A recent article titled “East Asia’s precautionary financing fix” (hereafter “the article”) suggested that, amid the global recession and threats of further capital outflows from emerging markets and developing countries, the ASEAN+3 members − comprising the 10 countries of the Association of Southeast Asian Nations (ASEAN) and China; Hong Kong, China; Japan; and Korea − can help their economies by tapping precautionary facilities. Philippines and Indonesia were cited, in particular, as members that would qualify and benefit from such precautionary arrangements to bolster defences against liquidity squeeze.
What are precautionary facilities?
Precautionary facilities are designed for countries with sound economic fundamentals that are not facing immediate crises but want insurance against a possible worsening of financial conditions. Under the International Monetary Fund’s (IMF’s) crisis prevention toolkits, products such as Flexible Credit Line (FCL), Precautionary and Liquidity Line (PLL) and Short-Term Liquidity Line (SLL) aim to help members with (very) strong economic fundamentals and policies prevent crises, and boost market confidence during periods of heightened risks.
The ASEAN+3 region also established a crisis prevention facility, called the Chiang Mai Initiative Multilateralisation Precautionary Line (CMIM-PL), which is a swap line for a CMIM member with “sound economic fundamentals” but is experiencing potential short-term liquidity and/ or balance-of-payment (BOP) difficulties.
What do recent economic assessments say?
Despite the increasingly bleak global economy, Asia is regarded as a relative bright spot. The IMF projects that the Asia and the Pacific region will grow by 4 percent this year and 4.3 percent next year. In particular, the Philippines is forecast to grow by 6.5 percent, the second-highest growth rate among ASEAN+3 economies, while Indonesia is projected to grow above 5 percent. AMRO’s assessment, as well as the Asian Development Bank’s, provide consistent views.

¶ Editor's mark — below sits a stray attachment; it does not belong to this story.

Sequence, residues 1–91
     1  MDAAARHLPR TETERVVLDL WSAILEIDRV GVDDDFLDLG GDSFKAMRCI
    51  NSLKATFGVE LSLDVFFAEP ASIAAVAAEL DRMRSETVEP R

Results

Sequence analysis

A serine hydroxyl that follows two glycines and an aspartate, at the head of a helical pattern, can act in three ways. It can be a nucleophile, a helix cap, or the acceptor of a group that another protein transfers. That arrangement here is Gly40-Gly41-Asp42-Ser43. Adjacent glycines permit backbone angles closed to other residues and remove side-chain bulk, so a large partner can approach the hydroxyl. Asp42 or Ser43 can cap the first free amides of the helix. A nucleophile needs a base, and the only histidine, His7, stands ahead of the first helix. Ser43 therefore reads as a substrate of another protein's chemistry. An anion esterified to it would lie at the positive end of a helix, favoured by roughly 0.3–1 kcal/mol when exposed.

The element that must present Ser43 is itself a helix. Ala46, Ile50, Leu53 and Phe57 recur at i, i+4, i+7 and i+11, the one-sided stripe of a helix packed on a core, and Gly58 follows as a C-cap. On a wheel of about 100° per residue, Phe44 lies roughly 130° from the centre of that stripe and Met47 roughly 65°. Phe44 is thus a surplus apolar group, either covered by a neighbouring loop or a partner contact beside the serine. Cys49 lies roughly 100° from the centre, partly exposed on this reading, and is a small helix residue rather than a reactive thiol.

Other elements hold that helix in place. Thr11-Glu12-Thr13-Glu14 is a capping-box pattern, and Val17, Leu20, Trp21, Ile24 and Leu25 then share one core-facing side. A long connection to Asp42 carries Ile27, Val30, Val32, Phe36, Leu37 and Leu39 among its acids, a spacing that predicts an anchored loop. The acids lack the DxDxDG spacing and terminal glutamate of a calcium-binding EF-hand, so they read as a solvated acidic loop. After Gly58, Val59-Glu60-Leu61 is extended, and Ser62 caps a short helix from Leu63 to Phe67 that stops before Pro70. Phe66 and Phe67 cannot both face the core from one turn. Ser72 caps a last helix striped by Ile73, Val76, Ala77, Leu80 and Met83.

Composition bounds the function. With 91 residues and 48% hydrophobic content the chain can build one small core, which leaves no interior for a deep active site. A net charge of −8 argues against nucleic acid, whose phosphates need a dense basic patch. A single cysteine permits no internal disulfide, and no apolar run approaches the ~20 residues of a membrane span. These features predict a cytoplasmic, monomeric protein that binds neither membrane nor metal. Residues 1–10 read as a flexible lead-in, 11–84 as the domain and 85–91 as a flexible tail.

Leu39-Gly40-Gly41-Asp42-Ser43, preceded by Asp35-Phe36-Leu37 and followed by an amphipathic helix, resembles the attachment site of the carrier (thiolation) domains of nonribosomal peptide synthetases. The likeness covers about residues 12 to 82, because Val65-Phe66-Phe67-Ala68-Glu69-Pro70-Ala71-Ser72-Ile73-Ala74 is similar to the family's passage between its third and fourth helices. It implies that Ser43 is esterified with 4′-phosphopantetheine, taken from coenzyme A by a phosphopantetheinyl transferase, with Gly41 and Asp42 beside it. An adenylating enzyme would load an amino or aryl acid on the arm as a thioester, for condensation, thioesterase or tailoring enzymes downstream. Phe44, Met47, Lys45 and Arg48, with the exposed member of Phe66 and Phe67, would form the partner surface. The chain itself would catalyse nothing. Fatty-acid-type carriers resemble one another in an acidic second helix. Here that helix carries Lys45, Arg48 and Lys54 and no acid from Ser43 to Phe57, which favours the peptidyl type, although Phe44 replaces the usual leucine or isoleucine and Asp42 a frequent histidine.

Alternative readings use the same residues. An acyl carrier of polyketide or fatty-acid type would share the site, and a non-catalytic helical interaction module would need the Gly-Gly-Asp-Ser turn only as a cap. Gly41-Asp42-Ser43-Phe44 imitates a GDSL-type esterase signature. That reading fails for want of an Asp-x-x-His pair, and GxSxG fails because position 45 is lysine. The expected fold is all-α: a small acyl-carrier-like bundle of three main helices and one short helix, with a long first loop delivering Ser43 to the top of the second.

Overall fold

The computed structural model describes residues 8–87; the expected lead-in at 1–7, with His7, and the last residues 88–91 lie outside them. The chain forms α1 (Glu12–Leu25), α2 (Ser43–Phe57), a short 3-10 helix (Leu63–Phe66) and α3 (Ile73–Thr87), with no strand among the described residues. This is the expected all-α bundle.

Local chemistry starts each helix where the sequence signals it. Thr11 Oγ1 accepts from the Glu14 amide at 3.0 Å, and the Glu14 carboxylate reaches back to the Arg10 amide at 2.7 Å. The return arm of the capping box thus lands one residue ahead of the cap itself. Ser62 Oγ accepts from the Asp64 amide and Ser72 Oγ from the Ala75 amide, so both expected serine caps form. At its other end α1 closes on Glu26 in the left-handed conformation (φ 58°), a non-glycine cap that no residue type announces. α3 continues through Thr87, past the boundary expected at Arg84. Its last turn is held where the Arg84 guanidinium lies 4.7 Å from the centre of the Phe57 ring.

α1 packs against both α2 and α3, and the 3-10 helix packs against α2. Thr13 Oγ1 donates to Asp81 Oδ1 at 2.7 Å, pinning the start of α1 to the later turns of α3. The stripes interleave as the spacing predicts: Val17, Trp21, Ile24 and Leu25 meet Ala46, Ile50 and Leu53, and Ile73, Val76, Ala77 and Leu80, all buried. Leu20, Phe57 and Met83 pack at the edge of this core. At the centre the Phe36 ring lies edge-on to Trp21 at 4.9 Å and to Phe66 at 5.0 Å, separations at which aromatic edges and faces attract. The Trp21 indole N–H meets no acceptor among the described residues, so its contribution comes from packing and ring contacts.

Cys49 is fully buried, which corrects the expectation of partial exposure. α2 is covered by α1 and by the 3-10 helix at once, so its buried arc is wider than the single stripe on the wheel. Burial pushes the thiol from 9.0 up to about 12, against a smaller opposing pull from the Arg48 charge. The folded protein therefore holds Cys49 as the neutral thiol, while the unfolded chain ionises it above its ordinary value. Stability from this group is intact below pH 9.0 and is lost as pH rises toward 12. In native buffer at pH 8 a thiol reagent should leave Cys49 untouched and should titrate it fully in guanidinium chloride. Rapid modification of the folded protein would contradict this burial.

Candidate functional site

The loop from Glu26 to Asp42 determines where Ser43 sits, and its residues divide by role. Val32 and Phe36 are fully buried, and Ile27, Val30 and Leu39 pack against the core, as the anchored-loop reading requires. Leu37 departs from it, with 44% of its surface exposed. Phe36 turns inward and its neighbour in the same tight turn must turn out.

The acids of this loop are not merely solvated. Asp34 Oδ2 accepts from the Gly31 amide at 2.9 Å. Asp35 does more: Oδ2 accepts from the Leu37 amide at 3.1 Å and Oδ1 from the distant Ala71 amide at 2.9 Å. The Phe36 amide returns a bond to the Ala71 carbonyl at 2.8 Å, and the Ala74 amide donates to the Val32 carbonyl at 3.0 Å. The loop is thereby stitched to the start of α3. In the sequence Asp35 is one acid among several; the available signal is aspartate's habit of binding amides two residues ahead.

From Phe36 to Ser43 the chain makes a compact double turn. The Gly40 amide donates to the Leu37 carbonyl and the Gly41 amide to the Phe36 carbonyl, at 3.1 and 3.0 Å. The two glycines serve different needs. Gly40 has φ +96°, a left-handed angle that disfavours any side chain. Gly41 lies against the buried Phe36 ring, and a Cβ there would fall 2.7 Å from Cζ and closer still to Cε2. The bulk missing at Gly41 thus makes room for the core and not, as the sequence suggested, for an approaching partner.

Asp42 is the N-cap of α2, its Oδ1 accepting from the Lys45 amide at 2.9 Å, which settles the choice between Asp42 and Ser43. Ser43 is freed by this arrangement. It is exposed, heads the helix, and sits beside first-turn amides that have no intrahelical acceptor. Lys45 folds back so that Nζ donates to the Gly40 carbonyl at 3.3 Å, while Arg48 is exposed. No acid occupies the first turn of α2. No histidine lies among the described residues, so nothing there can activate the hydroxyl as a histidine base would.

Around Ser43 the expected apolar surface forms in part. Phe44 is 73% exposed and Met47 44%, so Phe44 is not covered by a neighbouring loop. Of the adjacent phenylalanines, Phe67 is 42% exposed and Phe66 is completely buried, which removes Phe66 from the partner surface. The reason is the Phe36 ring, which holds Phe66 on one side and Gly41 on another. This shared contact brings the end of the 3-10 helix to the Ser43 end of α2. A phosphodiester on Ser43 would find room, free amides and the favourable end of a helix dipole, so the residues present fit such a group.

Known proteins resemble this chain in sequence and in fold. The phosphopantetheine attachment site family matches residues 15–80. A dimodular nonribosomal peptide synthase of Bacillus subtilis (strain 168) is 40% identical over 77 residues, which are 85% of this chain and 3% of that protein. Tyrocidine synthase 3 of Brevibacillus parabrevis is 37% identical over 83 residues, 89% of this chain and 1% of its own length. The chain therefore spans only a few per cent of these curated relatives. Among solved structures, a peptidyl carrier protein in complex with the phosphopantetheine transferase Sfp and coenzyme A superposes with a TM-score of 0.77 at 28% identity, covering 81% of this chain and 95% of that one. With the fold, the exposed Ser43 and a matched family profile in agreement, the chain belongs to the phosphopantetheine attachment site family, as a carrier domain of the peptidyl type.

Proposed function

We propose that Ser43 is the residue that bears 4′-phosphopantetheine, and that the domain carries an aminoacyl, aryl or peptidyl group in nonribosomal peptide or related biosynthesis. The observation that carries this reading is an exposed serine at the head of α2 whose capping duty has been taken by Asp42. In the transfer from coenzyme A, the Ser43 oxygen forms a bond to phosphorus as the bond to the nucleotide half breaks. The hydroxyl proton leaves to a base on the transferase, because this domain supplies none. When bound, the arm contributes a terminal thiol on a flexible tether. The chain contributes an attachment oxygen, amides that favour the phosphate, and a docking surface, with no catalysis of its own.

In addressing short-term liquidity and/or BOP difficulties, ASEAN+3 economies rely on different layers of safety nets, such as countries’ international reserves, bilateral swap arrangements, regional financial arrangement (CMIM) and the IMF facilities. Intuitively, the adequacy level of reserves, which is the economies’ first line of defense, serves as a barometer for any impending BOP difficulty. Official data (as of end-October 2022) indicates sufficient reserves for the Philippines and Indonesia, representing 7.5 months’ and 5.8 months’ worth of imports respectively, well above the 3 months of imports as headline threshold.
Bangko Sentral ng Pilipinas Governor Dr. Felipe Medalla has stated that the central bank has enough USD liquidity to stabilize and ease exchange rate pressures and will not use any bilateral of regional currency swap arrangements. Similarly, Bank Indonesia has stated that its official reserve assets remain adequate, supported by a stable domestic economic outlook.
The ASEAN+3 region is still facing various downside risks from a precarious global environment, slowing the region’s growth momentum. However, as Khor and Jiang (2022) observed, the ASEAN+3 economies are stronger and have implemented necessary structural reforms; built up $7 trillion foreign reserves in total; and assembled a multi-layered financial safety net. The authorities have also enhanced their toolkits to mitigate market and capital flow volatilities and support macroeconomic and financial stability.
To tap or not to tap — sufficient buffers remain
The article suggests that the Philippines’ and Indonesia’s access to precautionary arrangements will bolster their defence against possible liquidity difficulties. Based on recent assessments, both economies have sound economic fundamentals and effective toolkits to manage exchange rate stability and inflation. They could easily pass the first criteria for precautionary access. However, on whether these economies are experiencing a potential liquidity squeeze that would warrant PL activation, recent data, supported with the adequate policy tools, indicate otherwise. So far, both seems to have ample reserves as their first line of defence against liquidity difficulties and easing exchange rate pressures.
The cases of the Philippines and Indonesia are among the reasons why the CMIM has never been tapped. Member economies in the region still have sufficient foreign reserves as their first line of defence. Only when a country feels it needs more liquidity buffers will it use existing facilities.